With cryptocurrency the new technological buzzword, Kaspersky says the number of nefarious mining infections is increasing, and the software becoming more advanced.
As we’ve covered previously, the recent rise in interest in cryptocurrency has also led to a rise in cases of cyber-criminals using invasive software to mine coins on infected PCs without their owner’s knowledge.
According to a recent blog post by Russian cybersecurity firm Kaspersky, so-called ‘cryptojacking’ is now replacing Ransomware – where a malicious piece of software encrypts files on a computer, then asks for a ransom to get it back – as the money making method du jour of hacking groups. The blog outlines how criminal hackers have gradually moved across from what has been the big-news tactic over the last couple of years, to infecting computers with software that can use a computer’s resources to mine.
There are a couple of distinct advantages to the latter, chief among them being that it is a much more subtle form of attack. The reality is that many people will be none-the-wiser about what is going on.
That’s because, in general, the demands we make of our computers fall well within their capabilities. Thus, a piece of software working away in the background using up spare CPU resource may not effect day-to-day use, beyond – perhaps – a little bit of extra cooling fan activity.
The switchover from ransomware to cryptojacking during 2017, Kaspersky estimates, has led to a 50% increase in the latter kind of attacks – up from 1.87m in 2016 to 2.7m. These attacks, we’re told, form into a small set of distinct types.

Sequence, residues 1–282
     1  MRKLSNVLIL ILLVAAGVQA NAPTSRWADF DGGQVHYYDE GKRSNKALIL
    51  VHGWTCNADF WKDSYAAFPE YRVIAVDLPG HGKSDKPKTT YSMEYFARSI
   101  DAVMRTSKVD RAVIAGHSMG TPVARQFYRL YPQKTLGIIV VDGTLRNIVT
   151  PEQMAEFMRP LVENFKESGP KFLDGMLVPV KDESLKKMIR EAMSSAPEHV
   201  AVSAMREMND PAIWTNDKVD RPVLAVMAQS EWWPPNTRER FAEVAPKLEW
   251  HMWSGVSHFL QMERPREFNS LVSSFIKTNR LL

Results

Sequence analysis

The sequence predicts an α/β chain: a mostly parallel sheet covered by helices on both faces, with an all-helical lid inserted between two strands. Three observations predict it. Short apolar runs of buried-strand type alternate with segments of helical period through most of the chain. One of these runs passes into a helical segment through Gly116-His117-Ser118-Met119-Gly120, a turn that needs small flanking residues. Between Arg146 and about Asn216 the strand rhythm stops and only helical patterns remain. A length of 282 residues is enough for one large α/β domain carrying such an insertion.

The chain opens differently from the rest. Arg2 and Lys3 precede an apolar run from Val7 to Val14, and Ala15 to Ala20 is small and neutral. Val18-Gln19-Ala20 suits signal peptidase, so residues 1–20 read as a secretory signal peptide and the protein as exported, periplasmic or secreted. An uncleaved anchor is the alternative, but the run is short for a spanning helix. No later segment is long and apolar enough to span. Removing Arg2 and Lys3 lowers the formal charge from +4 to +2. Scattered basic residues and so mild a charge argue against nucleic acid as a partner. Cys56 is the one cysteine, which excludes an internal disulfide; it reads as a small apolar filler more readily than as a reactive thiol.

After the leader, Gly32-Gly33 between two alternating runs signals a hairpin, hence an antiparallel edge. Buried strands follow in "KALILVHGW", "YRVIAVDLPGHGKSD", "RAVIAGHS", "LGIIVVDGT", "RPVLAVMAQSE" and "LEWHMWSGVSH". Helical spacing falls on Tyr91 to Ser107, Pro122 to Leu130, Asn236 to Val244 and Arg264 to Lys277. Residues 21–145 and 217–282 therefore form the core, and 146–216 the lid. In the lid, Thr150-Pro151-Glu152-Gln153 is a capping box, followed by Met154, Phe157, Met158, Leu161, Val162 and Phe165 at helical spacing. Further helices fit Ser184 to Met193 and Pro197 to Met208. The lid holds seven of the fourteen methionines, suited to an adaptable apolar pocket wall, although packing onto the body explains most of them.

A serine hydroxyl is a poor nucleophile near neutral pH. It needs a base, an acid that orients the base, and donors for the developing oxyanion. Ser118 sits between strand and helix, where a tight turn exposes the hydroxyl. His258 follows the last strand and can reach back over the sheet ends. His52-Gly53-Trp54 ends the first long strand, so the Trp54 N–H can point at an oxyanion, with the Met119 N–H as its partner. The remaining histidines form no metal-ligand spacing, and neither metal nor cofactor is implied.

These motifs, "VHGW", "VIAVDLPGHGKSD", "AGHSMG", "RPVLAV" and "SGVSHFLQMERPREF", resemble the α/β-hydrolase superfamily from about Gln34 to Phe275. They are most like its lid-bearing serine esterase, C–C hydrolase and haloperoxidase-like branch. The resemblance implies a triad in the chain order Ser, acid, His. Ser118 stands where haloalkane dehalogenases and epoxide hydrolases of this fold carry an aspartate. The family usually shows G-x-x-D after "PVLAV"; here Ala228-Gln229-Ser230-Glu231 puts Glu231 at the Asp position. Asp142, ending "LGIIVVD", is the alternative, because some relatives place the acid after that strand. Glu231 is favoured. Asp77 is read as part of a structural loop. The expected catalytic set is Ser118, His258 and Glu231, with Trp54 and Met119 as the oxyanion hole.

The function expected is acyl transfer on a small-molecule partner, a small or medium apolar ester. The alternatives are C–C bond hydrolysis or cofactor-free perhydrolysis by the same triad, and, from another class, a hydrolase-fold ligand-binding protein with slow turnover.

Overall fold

Attacks on individuals usually come from so-called PUPs (potentially unwanted programs), that are often bundled in with free software downloads. These have traditionally been things like toolbars, software that serves unwanted ads, or simple changes browser settings like homepage or search engine preference. Social engineering tactics have also been used to encourage people to download such unwanted software via services such as Twitter, Facebook and LinkedIn.
Another popular method is to use a script executed in a browser upon visiting a website. Kaspersky says it stopped around 70m such instances in 2017. Though some of these may be legitimate, for example a site I visited recently offered the option to disable adblocking or allow it to mine using my system while I was reading, the majority are probably unsolicited. A prime example of this, were the recent cases of YouTube ads which appropriated user resources without permission.
The other main approach to this is to seek to infiltrate the systems of larger companies and syphon off computer resources from their servers and internal networks of computers. Kaspersky relates one case where software was fettled with a script to check if it had infected the computer of anyone senior or an information security officer, and then – providing it hadn’t – only begin mining outside of office hours.
By way of conclusion, Kaspersky expects that precisely the factors that are attracting cryptojackers right now, not least what it describes as a “clear monetisation model” (infect > mine > exchange crypto for cash) will mean continued development of mining tools and the methods of infection. Top of its prediction list is attacks on blockchain technology that uses Proof Of Space (PoSpace) rather than Proof of Work (PoW) as the basis of its mining.
In short, keep an eye on your system, and regularly scan with a decent security application if you don’t want to be sucked into earning someone else money with your electricity.